Brandon Bernard to be executed today for the 1999 murders of Todd and Stacie Bagley despite Kim Kardashian’s campaign
His lawyers, in a statement to MEAWW, said: 'The petition and stay motion point out that the government’s misleading 'predictions' of Mr. Bernard’s future dangerousness were entirely false'
Federal death row inmate, Brandon Bernard, is scheduled to be executed on Thursday, December 10, despite campaigns by reality television star Kim Kardashian West and other celebrities supporting him. A judge, on Tuesday, December 8, upheld Bernard's death sentence and denied a request to lift the 40-year-old's conviction.
Bernard, sentenced for robbery and murder, would be the ninth federal prison to be executed this year, months after President Donald Trump's administration resumed executions after 17 years. Bernard's attorneys have argued that during their client's trial a key piece of evidence was withheld: A witness who stated that Bernard had a low rank in the gang that robbed and murdered Todd and Stacie Bagley. The Bagleys were shot by Christopher Vialva in 1999 at Fort Hood in Texas, while Bernard, who was 18 at the time, set the couple's car on fire with them inside it. According to the autopsy reports, Todd died of a gunshot wound while Stacie died of smoke inhalation. Court records revealed that the Bagleys had prayed for their attackers and had begged for mercy. Vialva was executed by lethal injection on September 24 this year.
Brandon Bernard, a 40-year-old father is going to be executed tomorrow by our federal government. Having gotten to know Brandon, I am heartbroken about this execution. I’m calling on @realDonaldTrump to grant Brandon a commutation and allow him to live out his sentence in prison. https://t.co/soccUQFmac— Kim Kardashian West (@KimKardashian) December 9, 2020
Bernard was one of 212 Piru Bloods gang members who attacked the Bradleys. Two of the teens reportedly approached Todd, a veteran, and asked him if he could give them a ride to their uncle's home. Vialva and another man pulled guns on the couple inside their car, stole their wallets and jewelry, and forced the pair into the trunk of the vehicle. Vialva then decided that the pair needed to be killed. He then met up with Bernard and another teen and the former poured lighter fluid over the vehicle and lit it on fire, court documents state.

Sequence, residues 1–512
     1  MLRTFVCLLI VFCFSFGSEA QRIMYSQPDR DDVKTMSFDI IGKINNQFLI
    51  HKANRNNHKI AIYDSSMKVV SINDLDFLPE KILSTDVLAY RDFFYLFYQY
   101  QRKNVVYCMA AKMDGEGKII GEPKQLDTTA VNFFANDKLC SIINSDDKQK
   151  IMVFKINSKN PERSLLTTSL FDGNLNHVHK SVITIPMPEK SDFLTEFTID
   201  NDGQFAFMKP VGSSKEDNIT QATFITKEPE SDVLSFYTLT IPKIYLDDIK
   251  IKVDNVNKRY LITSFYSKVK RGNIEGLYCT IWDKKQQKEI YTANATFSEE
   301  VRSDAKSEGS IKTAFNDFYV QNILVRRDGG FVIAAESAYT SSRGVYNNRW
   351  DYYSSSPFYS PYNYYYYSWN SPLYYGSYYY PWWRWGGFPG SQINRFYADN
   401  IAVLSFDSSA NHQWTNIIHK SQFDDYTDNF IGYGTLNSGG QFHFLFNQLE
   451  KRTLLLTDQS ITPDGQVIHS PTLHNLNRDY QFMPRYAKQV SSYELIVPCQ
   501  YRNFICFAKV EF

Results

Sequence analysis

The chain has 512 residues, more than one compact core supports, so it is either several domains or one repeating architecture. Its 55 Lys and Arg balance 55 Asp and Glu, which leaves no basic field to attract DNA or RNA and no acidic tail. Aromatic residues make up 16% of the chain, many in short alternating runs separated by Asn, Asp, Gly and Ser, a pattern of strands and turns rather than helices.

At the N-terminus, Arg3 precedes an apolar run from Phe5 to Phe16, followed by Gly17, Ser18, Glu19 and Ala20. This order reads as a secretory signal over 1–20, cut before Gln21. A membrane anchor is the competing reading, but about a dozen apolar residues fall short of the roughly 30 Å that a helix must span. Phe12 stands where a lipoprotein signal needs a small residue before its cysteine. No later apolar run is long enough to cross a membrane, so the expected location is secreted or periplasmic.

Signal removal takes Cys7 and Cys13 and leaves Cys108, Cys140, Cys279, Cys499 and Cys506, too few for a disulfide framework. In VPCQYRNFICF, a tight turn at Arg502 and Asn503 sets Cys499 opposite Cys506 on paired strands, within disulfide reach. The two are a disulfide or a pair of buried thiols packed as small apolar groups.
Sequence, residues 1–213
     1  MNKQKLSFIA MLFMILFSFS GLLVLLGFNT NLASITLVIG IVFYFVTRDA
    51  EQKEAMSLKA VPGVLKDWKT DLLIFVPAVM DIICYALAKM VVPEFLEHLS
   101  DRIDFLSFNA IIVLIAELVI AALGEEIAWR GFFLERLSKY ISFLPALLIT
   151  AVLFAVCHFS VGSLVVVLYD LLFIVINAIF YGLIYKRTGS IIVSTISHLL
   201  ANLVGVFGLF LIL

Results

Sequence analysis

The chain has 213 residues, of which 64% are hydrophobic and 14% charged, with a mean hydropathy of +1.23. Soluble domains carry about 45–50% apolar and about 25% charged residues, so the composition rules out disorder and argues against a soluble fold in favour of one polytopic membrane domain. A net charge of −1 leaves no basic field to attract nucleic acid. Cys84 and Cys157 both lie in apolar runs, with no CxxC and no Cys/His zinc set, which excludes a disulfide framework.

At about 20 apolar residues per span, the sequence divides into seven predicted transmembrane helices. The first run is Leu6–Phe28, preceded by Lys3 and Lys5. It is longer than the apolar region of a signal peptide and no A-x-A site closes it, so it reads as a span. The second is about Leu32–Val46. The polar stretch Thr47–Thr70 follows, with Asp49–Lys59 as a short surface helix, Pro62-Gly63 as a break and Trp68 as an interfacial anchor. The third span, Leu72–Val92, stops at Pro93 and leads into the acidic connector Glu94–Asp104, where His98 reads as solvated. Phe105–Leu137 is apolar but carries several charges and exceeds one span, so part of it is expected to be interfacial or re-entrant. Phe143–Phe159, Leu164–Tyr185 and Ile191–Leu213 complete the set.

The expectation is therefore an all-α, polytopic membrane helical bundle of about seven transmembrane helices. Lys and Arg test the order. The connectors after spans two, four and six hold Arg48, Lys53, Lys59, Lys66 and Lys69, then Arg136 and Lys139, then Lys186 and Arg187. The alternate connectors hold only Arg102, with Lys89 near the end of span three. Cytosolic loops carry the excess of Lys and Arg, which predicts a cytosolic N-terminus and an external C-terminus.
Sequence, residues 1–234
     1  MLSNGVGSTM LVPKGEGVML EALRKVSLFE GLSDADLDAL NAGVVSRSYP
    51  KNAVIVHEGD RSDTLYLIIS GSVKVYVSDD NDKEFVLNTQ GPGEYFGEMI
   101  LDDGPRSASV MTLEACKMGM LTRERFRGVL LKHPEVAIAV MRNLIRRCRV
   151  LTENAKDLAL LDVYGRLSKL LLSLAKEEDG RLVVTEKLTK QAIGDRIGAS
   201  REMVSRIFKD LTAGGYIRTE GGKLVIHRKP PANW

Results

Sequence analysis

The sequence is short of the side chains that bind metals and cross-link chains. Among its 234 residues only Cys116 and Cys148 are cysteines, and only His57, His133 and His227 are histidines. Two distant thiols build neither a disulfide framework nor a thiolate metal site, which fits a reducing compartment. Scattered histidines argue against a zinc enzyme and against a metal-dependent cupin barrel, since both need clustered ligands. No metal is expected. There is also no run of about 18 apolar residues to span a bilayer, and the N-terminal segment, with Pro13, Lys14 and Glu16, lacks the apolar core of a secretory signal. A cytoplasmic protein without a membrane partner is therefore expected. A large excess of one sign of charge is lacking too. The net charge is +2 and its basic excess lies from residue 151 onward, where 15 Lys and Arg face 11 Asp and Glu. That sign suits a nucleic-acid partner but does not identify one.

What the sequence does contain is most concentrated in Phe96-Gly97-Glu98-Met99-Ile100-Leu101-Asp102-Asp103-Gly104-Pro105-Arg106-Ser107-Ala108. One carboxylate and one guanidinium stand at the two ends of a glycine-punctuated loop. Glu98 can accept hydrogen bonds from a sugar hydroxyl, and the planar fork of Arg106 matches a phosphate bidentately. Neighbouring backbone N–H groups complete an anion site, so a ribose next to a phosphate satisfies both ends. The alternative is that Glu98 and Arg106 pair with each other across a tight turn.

His lawyers, in a statement to MEAWW, said: "The petition and stay motion point out that the government’s misleading 'predictions' of Mr. Bernard’s future dangerousness were entirely false. In two decades on death row, he has never had a single disciplinary infraction, nor has he had any gang involvement in prison. His application for clemency is supported by the retired warden of the federal prison complex at Terre Haute, who believes that Mr. Bernard poses no danger to staff or prisoners in a less restrictive custody setting."
Judge James Sweeney, of the US District Court of the Southern District of Indiana, however, in a written order on Tuesday stated that the witness' account was not compelling enough to overcome the death sentence decision reached by the jury. He wrote that Bernard's sentence "reflects the actual conduct in this case," instead of considering the gang's "hierarchy in general," IndyStar reported.
"Namely, the jury recommended a life sentence for Mr. Bernard where the murder of Mr. Bagley was directly attributable not to Mr. Bernard but to the bullet fired by Mr. Vialva,” Sweeney wrote. "And the jury recommended a death sentence for Mr. Bernard only where the murder of Mrs. Bagley was attributable, at least in part, to smoke she inhaled from the fire directly set by Mr. Bernard," he added.
Ever since the announcement of Bernard's execution date, several celebrities have called for a stay on it. Kim Kardashian, over the Thanksgiving weekend, had urged her Twitter followers to sign a petition urging President Donald Trump to commute Bernard’s life sentence. The reality TV star and a criminal justice reform activist had tweeted that Bernard was involved in a "terrible crime" but "his role was minor compared to that of the other teens involved, two of whom are home from prison now."